Are you “just a white belt”?

Kroyler’s pro tip about being a beginner in Jiu Jitsu: 

White Belts…...

The single most importantbelt...

So,I was asked to give a little advice for the people starting off or early on their jiu-jitsu journey, meaning the people that are “just” white belts…

So first andforemost,we must identify who is a white belt. Well a white belt is literally anyone with no training. Don’t believe me? If “Mr. I-sell-hotdogs-at-a-baseball-game-and-have-never-trained-anything” walks into anyschool,they are a white belt.White belt is simply the lowest measurable unit of knowledge. A layman therefore is a white belt.

But you see this is where things get tricky…

What happens to white belts that have trained for 5 months? Do they still know nothing? Because once they know something they no longer fit the description of the layman. Enter the stripes in the white belt. This solves that issue. We can now striate them into a hierarchy of laypeople that range from not knowing anything, to knowing something, to knowing enough to no longer fit the white belt measure of unit.

But this striation doesn’t cover all scenarios and fixes all issues surrounding the white belt. It simply creates a hierarchy and nothing else.

We, ashigher-rankingmembers of the team (and some overly confident white belts) often expect white belts to be able to learn and apply a new technique at the same rate we (higher belts) can. That thought is silly and inane. Learning Jiu-Jitsu is essentially like learning to speak a different language with your body. Meaning as white belts you’re simply learning how you can use your body and understanding that it can do things you didn’t think were humanly possible. Doesn’t mean you can do those things yet, butyou’rebeing liberated from the constraints of what you thought your body was limited to. So why do higher belts think you can perform full blown newtechniqueswhen you have just learned to move your body. It would be like expecting a toddler to be able to run hurdles.

So,when a white belt struggles and they ask why a technique doesn’t work for them the simple answer is “you’rejust a white belt”.

That statement is a gigantic statement, both good and both horrible.

“You’rejust a white belt” could mean on a positive note something like the following:

You don’t understand whyyou’relosing so often and you get told“you’rejust a white belt” so its okay to struggle, asyou’renew to thisand that is the expectation.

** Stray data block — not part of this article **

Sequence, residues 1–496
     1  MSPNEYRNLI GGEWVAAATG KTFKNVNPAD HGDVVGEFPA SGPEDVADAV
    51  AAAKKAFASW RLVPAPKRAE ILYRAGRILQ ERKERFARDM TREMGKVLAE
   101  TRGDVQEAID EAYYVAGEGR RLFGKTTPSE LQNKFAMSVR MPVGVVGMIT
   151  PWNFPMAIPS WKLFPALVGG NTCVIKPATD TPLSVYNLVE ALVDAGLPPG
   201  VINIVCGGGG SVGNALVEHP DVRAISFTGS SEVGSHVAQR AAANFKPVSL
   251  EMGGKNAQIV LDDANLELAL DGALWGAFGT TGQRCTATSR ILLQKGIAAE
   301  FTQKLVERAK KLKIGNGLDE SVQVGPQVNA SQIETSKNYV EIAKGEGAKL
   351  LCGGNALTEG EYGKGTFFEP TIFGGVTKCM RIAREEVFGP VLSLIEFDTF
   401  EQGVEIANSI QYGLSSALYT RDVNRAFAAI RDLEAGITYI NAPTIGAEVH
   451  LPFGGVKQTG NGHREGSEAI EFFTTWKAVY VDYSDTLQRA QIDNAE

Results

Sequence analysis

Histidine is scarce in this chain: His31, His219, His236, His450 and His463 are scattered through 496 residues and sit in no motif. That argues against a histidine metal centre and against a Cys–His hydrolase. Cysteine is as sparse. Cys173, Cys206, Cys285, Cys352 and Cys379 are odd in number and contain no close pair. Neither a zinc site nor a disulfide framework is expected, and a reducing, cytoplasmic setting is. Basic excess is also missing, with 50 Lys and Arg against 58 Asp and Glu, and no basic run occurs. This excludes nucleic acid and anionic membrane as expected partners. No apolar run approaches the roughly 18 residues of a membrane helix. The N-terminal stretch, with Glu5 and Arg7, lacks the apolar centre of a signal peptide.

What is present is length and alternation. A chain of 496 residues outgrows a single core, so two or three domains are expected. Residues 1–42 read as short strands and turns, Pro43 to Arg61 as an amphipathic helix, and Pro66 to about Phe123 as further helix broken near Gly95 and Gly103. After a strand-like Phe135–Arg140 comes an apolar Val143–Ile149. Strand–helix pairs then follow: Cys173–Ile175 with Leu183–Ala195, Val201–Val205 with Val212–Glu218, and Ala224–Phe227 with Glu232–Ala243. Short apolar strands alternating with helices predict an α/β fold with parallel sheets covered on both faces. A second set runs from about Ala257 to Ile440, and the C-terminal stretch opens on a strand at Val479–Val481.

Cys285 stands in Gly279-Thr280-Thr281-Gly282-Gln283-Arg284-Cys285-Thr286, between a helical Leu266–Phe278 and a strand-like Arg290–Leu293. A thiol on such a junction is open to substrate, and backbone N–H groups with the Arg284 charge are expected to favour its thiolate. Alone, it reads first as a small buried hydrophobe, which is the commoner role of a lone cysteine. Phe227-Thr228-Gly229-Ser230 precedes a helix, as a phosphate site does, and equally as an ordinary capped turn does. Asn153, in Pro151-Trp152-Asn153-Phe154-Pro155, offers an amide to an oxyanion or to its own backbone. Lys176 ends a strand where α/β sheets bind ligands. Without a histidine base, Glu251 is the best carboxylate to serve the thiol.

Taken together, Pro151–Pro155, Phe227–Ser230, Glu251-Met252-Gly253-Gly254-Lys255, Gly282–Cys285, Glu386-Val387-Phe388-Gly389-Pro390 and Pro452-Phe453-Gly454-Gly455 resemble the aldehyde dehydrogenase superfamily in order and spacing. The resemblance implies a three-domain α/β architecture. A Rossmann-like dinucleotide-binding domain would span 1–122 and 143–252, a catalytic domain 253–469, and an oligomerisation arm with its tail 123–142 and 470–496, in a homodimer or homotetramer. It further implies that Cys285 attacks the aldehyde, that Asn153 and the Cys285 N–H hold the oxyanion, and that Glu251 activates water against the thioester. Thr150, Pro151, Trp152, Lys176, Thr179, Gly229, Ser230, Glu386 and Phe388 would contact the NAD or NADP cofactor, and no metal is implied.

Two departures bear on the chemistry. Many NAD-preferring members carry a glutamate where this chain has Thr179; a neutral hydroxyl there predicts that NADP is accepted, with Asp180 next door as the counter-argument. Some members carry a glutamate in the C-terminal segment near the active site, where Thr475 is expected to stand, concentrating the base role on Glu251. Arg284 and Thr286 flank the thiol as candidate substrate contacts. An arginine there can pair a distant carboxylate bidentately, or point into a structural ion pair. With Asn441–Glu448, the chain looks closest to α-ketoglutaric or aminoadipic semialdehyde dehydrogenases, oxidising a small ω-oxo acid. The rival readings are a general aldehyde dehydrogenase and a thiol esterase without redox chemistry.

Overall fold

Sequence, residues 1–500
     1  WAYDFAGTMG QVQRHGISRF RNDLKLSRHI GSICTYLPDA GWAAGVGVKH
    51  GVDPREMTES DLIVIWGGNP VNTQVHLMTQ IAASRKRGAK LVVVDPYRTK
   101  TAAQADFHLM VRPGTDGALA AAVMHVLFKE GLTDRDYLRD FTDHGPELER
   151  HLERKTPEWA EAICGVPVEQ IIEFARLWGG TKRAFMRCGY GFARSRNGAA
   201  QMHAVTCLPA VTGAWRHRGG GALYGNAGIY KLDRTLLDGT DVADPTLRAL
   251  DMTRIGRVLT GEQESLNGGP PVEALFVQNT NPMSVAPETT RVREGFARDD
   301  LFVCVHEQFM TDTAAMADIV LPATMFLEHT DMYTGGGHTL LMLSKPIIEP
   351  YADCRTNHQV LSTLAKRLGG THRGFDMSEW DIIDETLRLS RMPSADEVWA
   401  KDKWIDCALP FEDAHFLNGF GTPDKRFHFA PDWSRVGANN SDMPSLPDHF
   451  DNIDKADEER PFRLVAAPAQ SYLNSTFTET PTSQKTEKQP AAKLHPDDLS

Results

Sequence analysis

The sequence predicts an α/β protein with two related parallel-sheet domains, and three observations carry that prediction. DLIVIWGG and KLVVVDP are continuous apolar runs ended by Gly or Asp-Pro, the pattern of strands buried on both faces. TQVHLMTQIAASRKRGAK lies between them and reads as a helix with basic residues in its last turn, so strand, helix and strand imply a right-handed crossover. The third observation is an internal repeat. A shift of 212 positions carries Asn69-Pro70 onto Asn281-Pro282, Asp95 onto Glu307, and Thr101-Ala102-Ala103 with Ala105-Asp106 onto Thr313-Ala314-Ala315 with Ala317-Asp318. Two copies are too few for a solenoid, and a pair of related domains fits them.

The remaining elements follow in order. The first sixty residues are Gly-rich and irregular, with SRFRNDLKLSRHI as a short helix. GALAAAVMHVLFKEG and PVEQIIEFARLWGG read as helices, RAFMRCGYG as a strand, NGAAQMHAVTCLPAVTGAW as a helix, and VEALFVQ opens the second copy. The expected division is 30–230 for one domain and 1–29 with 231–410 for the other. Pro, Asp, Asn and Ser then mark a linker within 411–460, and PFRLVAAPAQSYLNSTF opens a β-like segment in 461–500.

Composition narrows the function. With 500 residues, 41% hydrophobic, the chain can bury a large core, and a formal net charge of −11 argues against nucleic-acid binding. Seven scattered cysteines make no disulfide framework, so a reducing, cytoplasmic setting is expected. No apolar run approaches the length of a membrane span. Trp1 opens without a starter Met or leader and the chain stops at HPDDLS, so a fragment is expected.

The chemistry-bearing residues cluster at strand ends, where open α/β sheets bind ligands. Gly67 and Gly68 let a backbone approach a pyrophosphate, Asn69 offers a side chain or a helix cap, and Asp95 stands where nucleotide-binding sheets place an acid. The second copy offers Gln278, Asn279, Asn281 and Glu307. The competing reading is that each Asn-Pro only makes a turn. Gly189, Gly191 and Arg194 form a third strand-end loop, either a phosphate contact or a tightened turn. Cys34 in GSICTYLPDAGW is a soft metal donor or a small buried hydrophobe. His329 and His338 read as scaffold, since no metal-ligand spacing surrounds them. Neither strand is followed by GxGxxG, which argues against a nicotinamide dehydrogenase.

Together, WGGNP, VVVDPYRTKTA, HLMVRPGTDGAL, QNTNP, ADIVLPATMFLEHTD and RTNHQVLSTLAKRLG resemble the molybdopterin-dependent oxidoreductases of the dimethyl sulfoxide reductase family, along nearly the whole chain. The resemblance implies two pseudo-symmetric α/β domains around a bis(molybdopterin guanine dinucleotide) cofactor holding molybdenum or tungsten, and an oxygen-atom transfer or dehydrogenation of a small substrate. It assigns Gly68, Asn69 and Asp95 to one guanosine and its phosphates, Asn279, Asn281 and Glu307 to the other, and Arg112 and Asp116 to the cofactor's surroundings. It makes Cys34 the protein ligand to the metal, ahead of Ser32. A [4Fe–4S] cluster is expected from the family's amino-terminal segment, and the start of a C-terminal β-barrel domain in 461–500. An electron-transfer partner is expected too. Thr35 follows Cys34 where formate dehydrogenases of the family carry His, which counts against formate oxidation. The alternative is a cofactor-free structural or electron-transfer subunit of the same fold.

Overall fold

Oron a negative note it could be something like:

You don’t understand whyyou’relosing so often and you get told “you’rejust a white belt” meaning you suck so why are you complaining?

You see it’s the same message but the connotation behind it and the intent is far different, one diminishes the other builds.

Now these are 2 short systematic issues with the white belt conundrum, of the layman that know very little but is expected to know a lot. There are plenty more issues that white belts will encounter but I don’t want to continue taking over this episode. As I am sure Paul is butchering this as hereads,and kip got lost somewhere during the path of this pro tip.

So,what I will say isthis...

As a white belt I have 3 key concepts I think if incorporated will help you throughout your Jiu-Jitsu journey:

1.Embrace failure, don’t enjoy failure, but embrace it. Meaning acknowledge a loss andwhatevershortcoming led you to it.Analyzeit and train/grow/learn how to improve and prevent that same mistake from ever happening again. Don’t fight the loss or excuse it. Own it and grow from it.

2.Understand that anyone ranked higher than you even if they aren’t as abled as you are should have more knowledge than you. Learn from them. For anyone to be a black belt theyhave to havefailed a lot. More than you as a white belt. Their job is to teach you how to avoid those pitfalls and how thus inherently help you improve faster than they did.So,ask questions to those further ahead than you on this journey, and don’t close yourself off to the advice of higher belts that you may feel you don’t need to listen to. Want to learn jiu-jitsu? Shut up and listen or ask questions and listen.

3.Understand thatif you focus on improving, not on how many times you tapped someone or how many times you were tapped, will lead to success. Improvement is the biggest win, not the number of times you tapped someone. If you aren’t improving but you are tapping everyone in your rank, then you are losing.

Kip Dice